How Can I Compare Technologies?

compost_poopA lot of people wonder how to compare new technologies that come on the scene promising a greener world, healthier life or better waste management.
Below is an Evaluation Table that we developed with our students Morgan Stephens, Tessha Mearing, and Penny Cross (Tessha and Penny are now graduates). You can apply this comparison tool to any product you are considering purchasing.

Evaluation Tool to Compare Similar Technologies

Field of interest


How important you feel this feature is.

Points scored
can be positive or negative but not zero.

Subtotal for that feature = Weight multiplied by points scored.


Is this a Procreative (+ve points) or a Degenerative (-ve points) Investment? Or parts there-of? (see chapter on Community Recycling to define investment types)

Will the money spent on the purchase encourage the supplier or manufacturer to investment in better technologies?
(Yes = +ve points)

Is the place of manufacture local? Reduce score for significant transportation, size and weight of freight.

Is the supplier local and have they been in the industry long?

Modular investment

Is there a way to modify and existing technology by adding a new module?

Limitations of User

List any restrictions eg. Some users/sites have restricted solar, wind, land ownership, local government by-laws, legal constraints, cultural expectations.

Purchase Cost

Purchase or parts cost in cash $

Purchase labour you must spend on installing and learning to operate this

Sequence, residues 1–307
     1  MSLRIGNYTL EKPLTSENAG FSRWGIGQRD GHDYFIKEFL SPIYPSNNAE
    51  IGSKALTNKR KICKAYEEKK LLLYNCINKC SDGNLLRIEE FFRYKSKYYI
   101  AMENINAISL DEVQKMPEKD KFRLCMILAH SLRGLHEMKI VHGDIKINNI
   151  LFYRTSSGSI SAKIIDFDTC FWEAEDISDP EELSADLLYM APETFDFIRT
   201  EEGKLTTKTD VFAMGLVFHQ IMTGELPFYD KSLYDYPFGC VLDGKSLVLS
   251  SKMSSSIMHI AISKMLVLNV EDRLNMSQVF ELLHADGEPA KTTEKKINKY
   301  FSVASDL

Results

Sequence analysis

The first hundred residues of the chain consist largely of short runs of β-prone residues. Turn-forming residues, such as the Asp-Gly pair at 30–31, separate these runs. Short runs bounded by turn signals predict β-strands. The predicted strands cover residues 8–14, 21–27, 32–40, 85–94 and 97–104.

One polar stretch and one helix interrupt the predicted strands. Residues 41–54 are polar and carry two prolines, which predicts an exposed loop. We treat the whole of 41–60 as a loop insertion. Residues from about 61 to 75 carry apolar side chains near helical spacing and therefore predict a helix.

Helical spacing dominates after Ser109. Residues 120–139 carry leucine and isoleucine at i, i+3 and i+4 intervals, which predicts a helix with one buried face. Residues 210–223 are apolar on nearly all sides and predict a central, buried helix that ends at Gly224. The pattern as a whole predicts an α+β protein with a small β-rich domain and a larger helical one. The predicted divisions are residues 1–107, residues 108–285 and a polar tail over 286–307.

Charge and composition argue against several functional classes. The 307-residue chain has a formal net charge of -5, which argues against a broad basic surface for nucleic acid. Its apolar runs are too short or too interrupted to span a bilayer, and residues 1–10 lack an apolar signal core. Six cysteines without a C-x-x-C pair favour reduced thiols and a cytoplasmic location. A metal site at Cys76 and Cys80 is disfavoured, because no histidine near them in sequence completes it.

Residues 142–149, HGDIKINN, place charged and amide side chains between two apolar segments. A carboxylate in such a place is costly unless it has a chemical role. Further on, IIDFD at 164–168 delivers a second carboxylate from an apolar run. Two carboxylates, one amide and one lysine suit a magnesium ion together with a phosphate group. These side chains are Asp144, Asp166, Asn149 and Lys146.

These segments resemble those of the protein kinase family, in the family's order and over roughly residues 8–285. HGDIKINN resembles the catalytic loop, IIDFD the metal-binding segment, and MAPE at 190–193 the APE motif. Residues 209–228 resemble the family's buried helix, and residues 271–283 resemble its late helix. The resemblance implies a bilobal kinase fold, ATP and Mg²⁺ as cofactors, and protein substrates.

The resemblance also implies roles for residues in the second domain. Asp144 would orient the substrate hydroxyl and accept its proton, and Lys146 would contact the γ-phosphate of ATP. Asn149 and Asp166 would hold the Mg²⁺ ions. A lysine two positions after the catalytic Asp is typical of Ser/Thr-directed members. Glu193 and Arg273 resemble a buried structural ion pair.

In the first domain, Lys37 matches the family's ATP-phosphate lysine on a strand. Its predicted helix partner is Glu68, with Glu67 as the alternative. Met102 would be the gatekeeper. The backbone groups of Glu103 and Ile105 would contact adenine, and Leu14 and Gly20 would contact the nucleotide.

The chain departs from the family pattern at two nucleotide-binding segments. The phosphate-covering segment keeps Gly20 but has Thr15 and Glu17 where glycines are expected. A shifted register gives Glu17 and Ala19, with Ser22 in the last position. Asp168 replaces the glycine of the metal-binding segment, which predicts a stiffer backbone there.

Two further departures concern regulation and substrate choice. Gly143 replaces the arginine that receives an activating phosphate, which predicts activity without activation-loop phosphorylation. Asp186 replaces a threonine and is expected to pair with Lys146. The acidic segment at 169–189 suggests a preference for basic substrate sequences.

(work out your labour cost in $)

Ethical cost – What is the cost to the environment and the workers and families who live in the mining and factories localities?

Environmental cost of full production and of components including embedded energy.

Is the embedded energy able to be reused later?

Running Costs

Moving parts = wear and tear. How many moving parts are there and how important are they?


Modular parts – are the parts able to be replaced, are they common and easily available? Or does a large component require replacement?


Estimate life span of the technology with maintenance

Is this technology fit for your future needs?

Ease of maintenance, does it require a specialist trade to be maintained?

Running labour cost

How much time is required to run this technology? e.g. Per day or per km or per kilowatt

Operational Ease

Can a child or elderly person operate this technology safely?

Educational Benefit

Would the user gain educational experience from use of this technology?


Pollutants (smoke, compaction, other)


Visual (eye-sore or work of art?)

Space required that other things could have eg. Storage or land space has a cost.


Is the system or device relocatable?

By Products. These can be
useful (+ve) or harmful (-ve)

chemical by-products

Physical by-products

Accumulation of by-product.

volume of product is also a factor in determination of usefulness.

Ease of management of by product required? Is specialist knowledge required? Do users need to be trained and educated?

How much time is required to manage the by-products?

Can the by-product be sold or reduce costs elsewhere?


Can the technology cause a catastrophe?

Is there risk of damage to other things?

Can the technology or device cause an injury to someone else? e.g. Some cars are safer for pedestrians than others.

Energy Efficiency

2nd law of Thermodynamics – how much energy is lost during running?

What happens to potential energy when the system is not running.

Other considerations